(4) Reading the report of the EFCC regarding the incident, a reasonable person should have a lot of be concerned about. For instance, the EFCC referred to the deceased as a “a confirmed fraudster”. Was this suspect not entitled to the presumption of innocence? The EFCC officials already prejudged and found him guilty of fraud even before he was to appear before a judge. That exposes the gross incompetence of the EFCC officials. If they could not respect the constitutional rights of the accused, even after he is dead, what does that tell you about other violations of the rights of the accused? If they could presume the man guilty so openly as to state it in the pages of the newspapers, that means that the EFCC officials operate with impunity and they might have taken it upon themselves to punish the “guilty” in their custody.
(5) Questions should also be focused on the notion that the man was charged with five-counts (of what), but no judge was to hear him yet. Also, the idea that they served him with the charging documents in detention so that he would prepare for his defense is suspicious. That is not the constitutional standard. According to the constitution, he was to be arraigned within 24 hours. What happened to that constitutional requirement? The idea that they granted him bail but he could not find a surety is equally suspect. What are the terms of the bail? Were those terms deliberately intended to be harsh and unobtainable, as usual, to please the complainant?
(6) What are the true conditions of the cell at the time? Was the man killed by another inmate? Or was he killed by one of the guards paid to do so. What does the EFCC do to ensure that inmates do not get killed in such manner? What they described as the cause of death seems to be within the range of causes that the EFCC should have anticipated and preempted. How come that this is coming to them as a surprise, even if their story were to be true? Who was the last officer to see the man? Now, you are hearing the lawyer say he was buying food with his money for his client. Does that not mean that the EFCC was not feeding the detainees? From experience, the answer is that the EFCC officials have embezzled the budget for feeding the inmates, leaving them with substandard and unhealthy food. That should be investigated too.
(7) Again the motives of the actors, particularly the complainant, and the EFCC officials are questionable. It is shocking that the complainant is rather more concerned about her money than the fact that the man is dead. It shows the mindset that must have been at play in her use of the EFCC against the suspect.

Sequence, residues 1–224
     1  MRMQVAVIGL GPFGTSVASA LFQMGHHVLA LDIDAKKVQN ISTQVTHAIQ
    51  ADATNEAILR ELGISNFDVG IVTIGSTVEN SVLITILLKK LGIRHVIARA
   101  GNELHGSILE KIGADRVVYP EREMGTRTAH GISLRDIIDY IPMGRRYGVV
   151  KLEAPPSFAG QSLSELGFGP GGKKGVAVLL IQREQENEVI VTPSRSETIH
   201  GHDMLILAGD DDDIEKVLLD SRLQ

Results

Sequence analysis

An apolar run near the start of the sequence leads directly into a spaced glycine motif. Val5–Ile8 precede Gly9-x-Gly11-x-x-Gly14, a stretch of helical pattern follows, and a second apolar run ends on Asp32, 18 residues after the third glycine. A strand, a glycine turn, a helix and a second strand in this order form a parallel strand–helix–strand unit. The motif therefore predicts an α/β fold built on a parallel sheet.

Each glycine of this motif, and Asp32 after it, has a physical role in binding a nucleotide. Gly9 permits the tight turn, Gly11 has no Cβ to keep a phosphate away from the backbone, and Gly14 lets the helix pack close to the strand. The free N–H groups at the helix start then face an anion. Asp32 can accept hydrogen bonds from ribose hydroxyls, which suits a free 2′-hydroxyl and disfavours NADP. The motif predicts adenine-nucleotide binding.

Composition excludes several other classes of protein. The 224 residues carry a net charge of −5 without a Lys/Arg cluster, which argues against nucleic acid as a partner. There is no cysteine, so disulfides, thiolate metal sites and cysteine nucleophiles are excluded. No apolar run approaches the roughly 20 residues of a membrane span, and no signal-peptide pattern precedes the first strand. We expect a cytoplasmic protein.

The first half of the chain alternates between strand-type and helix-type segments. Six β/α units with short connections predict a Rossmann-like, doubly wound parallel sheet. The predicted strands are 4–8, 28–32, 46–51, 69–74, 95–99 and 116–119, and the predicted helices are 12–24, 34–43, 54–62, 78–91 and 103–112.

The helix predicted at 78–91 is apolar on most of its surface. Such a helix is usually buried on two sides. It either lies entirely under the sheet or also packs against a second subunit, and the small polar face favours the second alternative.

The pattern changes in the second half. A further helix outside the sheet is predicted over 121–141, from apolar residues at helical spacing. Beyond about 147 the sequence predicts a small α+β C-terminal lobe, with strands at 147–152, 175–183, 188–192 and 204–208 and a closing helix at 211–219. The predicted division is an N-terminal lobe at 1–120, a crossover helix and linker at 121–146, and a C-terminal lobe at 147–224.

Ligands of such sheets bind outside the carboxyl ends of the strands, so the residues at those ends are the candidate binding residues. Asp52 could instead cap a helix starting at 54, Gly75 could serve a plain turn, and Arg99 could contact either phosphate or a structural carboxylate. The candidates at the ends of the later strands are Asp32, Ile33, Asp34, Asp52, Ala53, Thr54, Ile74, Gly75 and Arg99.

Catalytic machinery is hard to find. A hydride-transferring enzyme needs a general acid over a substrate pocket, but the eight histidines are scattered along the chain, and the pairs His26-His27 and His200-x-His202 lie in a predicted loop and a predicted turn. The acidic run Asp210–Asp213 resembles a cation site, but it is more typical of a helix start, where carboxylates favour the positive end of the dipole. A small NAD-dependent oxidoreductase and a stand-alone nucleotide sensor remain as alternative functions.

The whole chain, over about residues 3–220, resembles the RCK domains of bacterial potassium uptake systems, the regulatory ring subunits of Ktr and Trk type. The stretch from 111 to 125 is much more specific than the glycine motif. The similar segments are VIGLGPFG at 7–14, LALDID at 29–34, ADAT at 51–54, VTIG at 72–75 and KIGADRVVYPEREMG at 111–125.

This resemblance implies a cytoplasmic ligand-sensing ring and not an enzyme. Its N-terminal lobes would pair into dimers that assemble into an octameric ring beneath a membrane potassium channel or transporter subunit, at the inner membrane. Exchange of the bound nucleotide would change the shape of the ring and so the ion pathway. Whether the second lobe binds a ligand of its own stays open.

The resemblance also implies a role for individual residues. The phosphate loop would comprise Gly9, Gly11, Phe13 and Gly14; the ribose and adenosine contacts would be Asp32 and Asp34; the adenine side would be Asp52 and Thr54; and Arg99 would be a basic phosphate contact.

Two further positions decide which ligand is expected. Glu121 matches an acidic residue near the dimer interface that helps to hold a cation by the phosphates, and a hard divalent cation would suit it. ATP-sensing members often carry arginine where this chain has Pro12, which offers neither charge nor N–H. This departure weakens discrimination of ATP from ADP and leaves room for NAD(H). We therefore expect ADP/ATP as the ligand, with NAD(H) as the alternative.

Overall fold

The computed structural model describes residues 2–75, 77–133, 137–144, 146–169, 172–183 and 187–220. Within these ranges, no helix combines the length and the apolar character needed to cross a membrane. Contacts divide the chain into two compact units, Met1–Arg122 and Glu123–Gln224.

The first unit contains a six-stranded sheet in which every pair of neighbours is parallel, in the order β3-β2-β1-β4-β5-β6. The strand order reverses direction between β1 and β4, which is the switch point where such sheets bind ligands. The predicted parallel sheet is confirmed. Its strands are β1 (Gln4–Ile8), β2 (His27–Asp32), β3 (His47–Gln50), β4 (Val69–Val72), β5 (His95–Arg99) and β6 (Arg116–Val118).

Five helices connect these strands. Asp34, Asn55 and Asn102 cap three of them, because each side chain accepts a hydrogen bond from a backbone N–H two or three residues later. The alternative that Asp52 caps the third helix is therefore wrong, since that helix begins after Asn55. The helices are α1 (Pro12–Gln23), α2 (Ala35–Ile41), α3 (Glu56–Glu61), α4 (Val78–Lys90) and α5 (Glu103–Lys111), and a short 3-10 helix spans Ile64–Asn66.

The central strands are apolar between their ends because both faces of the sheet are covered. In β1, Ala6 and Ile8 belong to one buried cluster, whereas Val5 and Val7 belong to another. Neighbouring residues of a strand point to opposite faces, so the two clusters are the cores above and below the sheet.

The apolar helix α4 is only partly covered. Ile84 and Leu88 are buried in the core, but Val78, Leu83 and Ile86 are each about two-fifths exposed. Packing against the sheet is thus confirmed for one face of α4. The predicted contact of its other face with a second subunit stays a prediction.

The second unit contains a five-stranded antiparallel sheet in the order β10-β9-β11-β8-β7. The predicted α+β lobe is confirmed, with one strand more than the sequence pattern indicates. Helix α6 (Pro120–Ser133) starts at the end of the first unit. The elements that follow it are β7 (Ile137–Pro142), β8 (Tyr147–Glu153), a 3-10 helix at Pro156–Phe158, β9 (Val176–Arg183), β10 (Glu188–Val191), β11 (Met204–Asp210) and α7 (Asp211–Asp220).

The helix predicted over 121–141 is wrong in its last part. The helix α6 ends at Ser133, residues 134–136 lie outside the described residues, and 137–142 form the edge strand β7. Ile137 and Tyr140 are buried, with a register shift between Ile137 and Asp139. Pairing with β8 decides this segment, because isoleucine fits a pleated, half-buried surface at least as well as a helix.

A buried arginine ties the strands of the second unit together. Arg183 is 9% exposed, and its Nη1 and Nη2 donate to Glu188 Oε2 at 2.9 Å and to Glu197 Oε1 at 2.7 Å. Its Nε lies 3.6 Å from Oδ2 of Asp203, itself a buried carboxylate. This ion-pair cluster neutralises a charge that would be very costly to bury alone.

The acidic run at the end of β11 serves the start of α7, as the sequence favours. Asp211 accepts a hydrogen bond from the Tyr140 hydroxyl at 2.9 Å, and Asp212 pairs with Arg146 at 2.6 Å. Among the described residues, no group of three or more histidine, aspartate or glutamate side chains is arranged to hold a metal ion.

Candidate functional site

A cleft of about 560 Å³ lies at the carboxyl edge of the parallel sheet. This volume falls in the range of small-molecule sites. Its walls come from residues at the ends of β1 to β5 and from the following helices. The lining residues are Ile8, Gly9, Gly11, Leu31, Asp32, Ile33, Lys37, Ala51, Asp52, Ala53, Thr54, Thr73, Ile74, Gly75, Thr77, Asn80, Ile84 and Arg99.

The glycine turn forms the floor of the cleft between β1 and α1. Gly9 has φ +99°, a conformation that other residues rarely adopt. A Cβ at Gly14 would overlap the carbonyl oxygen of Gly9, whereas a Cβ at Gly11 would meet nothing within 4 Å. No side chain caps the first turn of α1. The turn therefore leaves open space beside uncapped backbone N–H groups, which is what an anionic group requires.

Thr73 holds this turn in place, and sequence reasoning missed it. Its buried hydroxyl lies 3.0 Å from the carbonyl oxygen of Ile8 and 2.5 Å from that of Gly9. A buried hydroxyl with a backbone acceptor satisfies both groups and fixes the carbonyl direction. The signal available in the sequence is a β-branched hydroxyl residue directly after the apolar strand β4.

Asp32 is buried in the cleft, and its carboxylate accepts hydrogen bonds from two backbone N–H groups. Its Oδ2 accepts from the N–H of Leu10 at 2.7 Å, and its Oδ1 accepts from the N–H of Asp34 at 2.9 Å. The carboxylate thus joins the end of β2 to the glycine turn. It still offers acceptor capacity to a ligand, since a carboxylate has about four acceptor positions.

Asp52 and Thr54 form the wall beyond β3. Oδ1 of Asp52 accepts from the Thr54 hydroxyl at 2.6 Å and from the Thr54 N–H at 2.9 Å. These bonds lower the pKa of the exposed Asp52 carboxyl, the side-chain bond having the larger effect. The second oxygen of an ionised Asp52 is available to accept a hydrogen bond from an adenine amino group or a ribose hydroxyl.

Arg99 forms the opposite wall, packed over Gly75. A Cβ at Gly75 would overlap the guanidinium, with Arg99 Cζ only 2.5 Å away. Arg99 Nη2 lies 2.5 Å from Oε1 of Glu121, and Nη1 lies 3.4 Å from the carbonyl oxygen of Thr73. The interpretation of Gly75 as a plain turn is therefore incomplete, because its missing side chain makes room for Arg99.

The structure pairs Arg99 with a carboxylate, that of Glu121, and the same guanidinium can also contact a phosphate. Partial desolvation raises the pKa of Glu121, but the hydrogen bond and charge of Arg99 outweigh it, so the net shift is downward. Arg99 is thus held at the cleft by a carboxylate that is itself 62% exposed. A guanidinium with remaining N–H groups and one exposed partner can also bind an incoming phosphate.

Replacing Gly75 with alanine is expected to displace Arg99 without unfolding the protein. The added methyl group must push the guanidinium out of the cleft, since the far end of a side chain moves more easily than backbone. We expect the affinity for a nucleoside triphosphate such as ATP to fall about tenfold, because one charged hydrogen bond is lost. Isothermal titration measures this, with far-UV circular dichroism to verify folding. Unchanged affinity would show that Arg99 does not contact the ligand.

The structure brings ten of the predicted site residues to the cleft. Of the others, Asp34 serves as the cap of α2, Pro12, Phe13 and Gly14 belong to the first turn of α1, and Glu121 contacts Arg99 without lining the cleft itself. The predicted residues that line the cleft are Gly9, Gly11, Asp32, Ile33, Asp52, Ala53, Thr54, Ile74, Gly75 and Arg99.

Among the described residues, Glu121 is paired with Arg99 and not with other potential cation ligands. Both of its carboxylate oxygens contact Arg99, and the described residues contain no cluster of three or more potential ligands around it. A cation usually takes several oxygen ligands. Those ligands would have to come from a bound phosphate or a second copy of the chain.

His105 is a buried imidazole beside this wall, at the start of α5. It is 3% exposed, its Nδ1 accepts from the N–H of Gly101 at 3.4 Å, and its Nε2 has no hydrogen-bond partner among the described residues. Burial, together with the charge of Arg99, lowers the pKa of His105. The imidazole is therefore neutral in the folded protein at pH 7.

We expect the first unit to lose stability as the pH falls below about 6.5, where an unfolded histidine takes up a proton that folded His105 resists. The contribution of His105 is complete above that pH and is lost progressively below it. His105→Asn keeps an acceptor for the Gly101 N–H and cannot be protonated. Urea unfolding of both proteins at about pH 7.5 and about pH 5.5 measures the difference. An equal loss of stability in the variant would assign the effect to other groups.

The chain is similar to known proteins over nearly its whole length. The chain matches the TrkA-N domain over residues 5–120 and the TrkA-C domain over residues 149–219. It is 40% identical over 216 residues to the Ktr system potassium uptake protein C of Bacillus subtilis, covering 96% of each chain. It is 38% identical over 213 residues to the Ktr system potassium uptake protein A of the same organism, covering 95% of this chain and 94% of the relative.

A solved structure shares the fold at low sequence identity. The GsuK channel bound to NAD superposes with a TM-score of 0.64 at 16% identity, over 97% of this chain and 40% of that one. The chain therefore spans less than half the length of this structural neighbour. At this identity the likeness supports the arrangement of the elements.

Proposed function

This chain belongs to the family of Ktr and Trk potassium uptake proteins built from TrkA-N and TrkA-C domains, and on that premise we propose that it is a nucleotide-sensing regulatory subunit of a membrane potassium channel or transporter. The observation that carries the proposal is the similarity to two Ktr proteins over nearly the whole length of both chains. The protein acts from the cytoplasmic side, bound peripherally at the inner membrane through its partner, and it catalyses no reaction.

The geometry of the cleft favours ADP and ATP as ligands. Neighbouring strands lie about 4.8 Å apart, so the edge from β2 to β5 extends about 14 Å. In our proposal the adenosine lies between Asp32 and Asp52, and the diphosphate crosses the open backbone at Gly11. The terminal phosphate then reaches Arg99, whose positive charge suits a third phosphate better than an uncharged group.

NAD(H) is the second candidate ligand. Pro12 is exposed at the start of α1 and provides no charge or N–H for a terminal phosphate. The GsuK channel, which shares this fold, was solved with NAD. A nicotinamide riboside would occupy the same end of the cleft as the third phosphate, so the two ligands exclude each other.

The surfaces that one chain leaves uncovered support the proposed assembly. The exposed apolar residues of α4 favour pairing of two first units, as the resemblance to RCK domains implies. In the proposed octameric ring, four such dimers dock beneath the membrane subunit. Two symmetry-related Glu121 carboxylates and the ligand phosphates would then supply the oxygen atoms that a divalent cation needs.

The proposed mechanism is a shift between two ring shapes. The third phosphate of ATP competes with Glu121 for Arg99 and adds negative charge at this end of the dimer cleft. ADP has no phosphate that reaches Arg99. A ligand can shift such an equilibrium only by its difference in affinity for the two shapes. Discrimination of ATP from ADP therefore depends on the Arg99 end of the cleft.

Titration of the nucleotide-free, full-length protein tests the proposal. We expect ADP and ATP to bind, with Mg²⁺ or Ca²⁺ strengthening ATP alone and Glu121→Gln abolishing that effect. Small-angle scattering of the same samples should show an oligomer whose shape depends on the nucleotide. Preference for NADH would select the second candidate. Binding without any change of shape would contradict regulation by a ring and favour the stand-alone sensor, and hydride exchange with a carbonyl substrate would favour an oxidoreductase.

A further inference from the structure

(8) In any case, for there to be a true and honest investigation into what happened, all the EFCC officers who handled the man’s case should immediately be placed on administrative leave with pay to ensure that they do not interfere with the investigation and that there are no cover-ups. The Italian family of the deceased must not take the words of the EFFC at face value. They must seek their own independent autopsy and examination to ensure that there was no foul play. My hunch is that given the general state of inadequacies in the EFCC, the prevailing health hazard in their facilities, there will be at least negligence somewhere. I hope the Italian authorities would take this serious and demand strict accounting for what happened to their national. Hopefully, also, this would open the eyes of Nigerians to the atrocities that occur in the EFCC.
(9) Finally, we must not forget the effect of corruption on the entire work of the EFCC. Mr. Ibrahim Lamorde admitted there is internal corruption in the EFCC and he promised to do something about it. Up till date, Mr. Lamorde has nothing serious to show for his promise to reform the EFCC. Where there is so much corruption, you cannot believe the words of the EFCC in matters such as this.
By conclusion, I do not know for sure what truly happened in this case in that place that night. My remarks here are just to urge that people should not rush to believe automatically the words of the EFCC officials because they are known to have lied on many issues in the past. Rather, there should be a clean and honest investigation by the authorities and all those involved.
Emeka Ugwuonye, Esquire